Crossbow question highlights hearings

Dan Salmon
 
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Crossbow question highlights hearings

Postby Dan Salmon » Thu Jan 27, 2011 8:54 pm

Here it is, an advisory question at this years meetings.  I'm certain the WBH will be out in force, if you want things the other way, start rounding up your posse.

Spring Hearings are scheduled for April 11 in every county in the state.

http://outdoornews.com/wisconsin/news/article_59871d0e-28a3-11e0-a76c-001cc4c002e0.html

retch sweeny
 
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RE: Crossbow question highlights hearings

Postby retch sweeny » Fri Jan 28, 2011 8:34 am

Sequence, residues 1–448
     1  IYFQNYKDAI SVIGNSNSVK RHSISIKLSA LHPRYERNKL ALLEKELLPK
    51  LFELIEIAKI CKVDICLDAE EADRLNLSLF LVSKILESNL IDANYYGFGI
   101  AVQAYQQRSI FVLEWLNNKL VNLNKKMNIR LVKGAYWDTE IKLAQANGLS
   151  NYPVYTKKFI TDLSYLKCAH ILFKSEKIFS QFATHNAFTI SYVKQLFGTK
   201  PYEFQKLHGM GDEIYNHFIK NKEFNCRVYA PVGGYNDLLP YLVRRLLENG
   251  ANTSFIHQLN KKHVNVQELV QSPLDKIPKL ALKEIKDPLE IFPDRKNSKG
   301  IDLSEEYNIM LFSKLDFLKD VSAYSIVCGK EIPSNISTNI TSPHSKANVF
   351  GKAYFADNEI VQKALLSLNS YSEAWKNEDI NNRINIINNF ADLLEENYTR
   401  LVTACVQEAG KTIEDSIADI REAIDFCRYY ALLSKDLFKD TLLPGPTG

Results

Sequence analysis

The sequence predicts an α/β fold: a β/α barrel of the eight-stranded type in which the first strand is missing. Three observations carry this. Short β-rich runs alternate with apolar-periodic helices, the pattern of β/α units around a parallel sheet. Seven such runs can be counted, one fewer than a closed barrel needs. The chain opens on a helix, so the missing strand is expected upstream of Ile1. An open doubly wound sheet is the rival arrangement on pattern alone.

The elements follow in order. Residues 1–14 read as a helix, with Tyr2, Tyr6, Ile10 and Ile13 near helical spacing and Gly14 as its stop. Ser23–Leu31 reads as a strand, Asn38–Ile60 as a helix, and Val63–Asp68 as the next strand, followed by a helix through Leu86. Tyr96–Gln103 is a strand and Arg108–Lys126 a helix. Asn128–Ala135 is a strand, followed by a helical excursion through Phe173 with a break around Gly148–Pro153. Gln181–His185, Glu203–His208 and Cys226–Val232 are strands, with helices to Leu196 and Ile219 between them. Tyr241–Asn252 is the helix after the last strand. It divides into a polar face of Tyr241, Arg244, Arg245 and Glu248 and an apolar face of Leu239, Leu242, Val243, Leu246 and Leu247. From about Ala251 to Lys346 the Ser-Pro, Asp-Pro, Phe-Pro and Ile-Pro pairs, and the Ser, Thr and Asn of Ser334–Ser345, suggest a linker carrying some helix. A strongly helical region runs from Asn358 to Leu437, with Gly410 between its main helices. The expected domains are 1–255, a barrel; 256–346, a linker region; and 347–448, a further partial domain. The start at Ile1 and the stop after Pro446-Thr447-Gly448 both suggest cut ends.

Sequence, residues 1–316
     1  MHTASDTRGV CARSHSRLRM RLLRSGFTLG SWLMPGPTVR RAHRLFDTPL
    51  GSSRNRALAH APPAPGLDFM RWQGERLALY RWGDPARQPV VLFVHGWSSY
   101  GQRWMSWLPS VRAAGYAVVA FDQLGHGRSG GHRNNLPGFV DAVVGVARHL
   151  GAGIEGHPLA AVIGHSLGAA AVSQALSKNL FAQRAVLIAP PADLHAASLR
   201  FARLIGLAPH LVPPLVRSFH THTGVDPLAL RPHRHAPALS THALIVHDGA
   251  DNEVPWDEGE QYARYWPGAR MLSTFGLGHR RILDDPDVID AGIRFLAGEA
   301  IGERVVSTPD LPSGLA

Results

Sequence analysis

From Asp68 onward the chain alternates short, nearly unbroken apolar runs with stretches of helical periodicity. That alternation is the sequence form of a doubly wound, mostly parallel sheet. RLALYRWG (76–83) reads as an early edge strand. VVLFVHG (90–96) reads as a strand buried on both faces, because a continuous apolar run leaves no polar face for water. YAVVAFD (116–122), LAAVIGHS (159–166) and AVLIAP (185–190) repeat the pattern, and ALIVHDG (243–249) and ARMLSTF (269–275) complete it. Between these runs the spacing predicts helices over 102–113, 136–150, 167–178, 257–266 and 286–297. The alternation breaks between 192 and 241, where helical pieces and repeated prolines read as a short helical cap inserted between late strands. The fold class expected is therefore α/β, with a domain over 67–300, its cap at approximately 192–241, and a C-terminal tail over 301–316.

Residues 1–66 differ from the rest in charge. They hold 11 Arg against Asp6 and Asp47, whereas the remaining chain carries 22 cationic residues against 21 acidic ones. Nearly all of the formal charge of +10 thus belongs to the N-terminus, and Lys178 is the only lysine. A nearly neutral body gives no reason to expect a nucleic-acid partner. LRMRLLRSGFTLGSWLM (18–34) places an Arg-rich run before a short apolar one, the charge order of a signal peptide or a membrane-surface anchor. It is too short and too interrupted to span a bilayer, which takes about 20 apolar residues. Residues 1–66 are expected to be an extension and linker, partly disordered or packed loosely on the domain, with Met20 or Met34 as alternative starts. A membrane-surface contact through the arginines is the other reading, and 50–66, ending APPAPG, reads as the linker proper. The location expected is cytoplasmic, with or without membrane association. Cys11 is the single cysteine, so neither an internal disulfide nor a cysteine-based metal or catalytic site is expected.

[font=arial]When forming an opinion about the future of WI Bowhunting laws, one has to think about the past, present and future with the future being the most important. Those not familiar with crossbows may have an image in their minds of a historic or medieval type crossbow being used as a weapon for Bowhunting in WI. If you have not kept up on the advances of these bow/gun like hybrids, you will not know where things are headed. Remember, allowing the old school or medieval type crossbow into the WI archery deer season today is also allowing its far advanced and high tech current versions as well as the future version in 5, 10 years and beyond. During this time, the vertical bow will still only be as powerful as the person able to reach full draw weight meaning the advancements for vertical bows, peaked out 100's of years go. [/font][/align] [/align][font=arial]The crossbow of just a few years ago is not what is coming off the assembly line today. The Archery Trade Assoc show is just recently completed and once again, the advances in the bow/gun like hybrids is pretty striking in terms of power, distance, accuracy, ease of use and lethality. All great things if you are an elderly or handicapped hunter unable to use a bow. The thing with state statues is that nobody wants to keep revisiting the issue as technology advances. Legal descriptions and definitions  remain fairly vague meaning that if the industry calls it a crossbow, then it will be allowed until somebody throws their hands up and says: "wait a minute! This thing needs additional regulation". That is why the future is important and why hunters and lawmakers should take pause if considering such a change. [/font][/align] [/align][font=arial]Remember, 1000, 500, 100, 50 years ago and today, the vertical bow is limited by the strength of the archer and his ability to reach peak draw weight with all the associated movement with such an action and to do all this in close quarters to the game they are hunting. The ease and advantages of the modern bow/gun like hybrids is so different that most states allow the elderly and handicapped to use them. (good laws for sure) We hear talk of harvest rates of bowhunters and crossbow hunters in states like Ohio (a one buck state) but again, these are with older style crossbows of 30 years ago and up. Nobody can say what the future will be with crossbow advancements. but the vertical bow remains the same weapon only changing the materials used to make them.[/font][/align] [/align][font=arial]Today, a new advancement is the self cocking crossbow which is not far from the clip or magazine style that will allow easy and fast second and third shots which until now was an argument by the crossbow folks that crossbows are a disadvantage to bows because crossbowers could not easily get a second shot. That barrier has now been erased with an advancement in technology. Other limitations are being erased as time moves forward. Its the nature of the business.[/font][/align] [/align][font=arial]The advances in crossbow are erasing the disadvantages crossbow supporters list as reasons why crossbow are not all that great and not superior to a bow. View the videos below and ask yourself if the current crossbows are not a superior weapon. Remember, those are the crossbows of today. What will the crossbows of 5 or 10 years from now be capable of? Allowing crossbows into the WI archery season today is allowing their super advanced future versions as well. Here is the self cocking crossbow by Parker.[/font][/align] [/align][font=arial]http://www.youtube.com/watch?v=XxebxBBIgkc [/font][/align] [/align][font=arial]The other claims of disadvantage by the pro crossbow folks is the weight, width and clumsiness of crossbows. That may have been true in the past. Today's modern advancements erase those issues. Like other limitations, modern technology will erase them (removing the arguments the crossbow folks use today) Here is a good example. Tecnarm states the following:[/font][/align] [/align][font=arial]"SCAR opens up the envelope, succeeds beyond anything that was thought possible and, more importantly in perspective, beyond anything that can physically be achieved by compounds or recurves. "[/font][/align] [/align][font=arial]Videos[/font][/align] [/align][font=arial]http://www.tecnarm.com/video.html[/font][/align] [/align][font=arial]http://www.tecnarm.com/ghetrax.html[/font][/align] [/align][font=arial]We have seen what happened when the ML season started as a primitive weapon season, then we saw the advancements with scopes and then inlines and their lethality and effectiveness. Here is the inline crossbow.[/font][/align] [/align][font=arial]http://www.youtube.com/watch?v=aeGnXLaZdS4[/font][/align] [/align][font=arial]Here is the current (but soon to be old school and old tech) bow/gun like hybrid that couples an AR 15 rifle with a crossbow.[/font][/align] [/align][font=arial]http://www.youtube.com/watch?v=b5nVSfv0Rlg[/font][/align]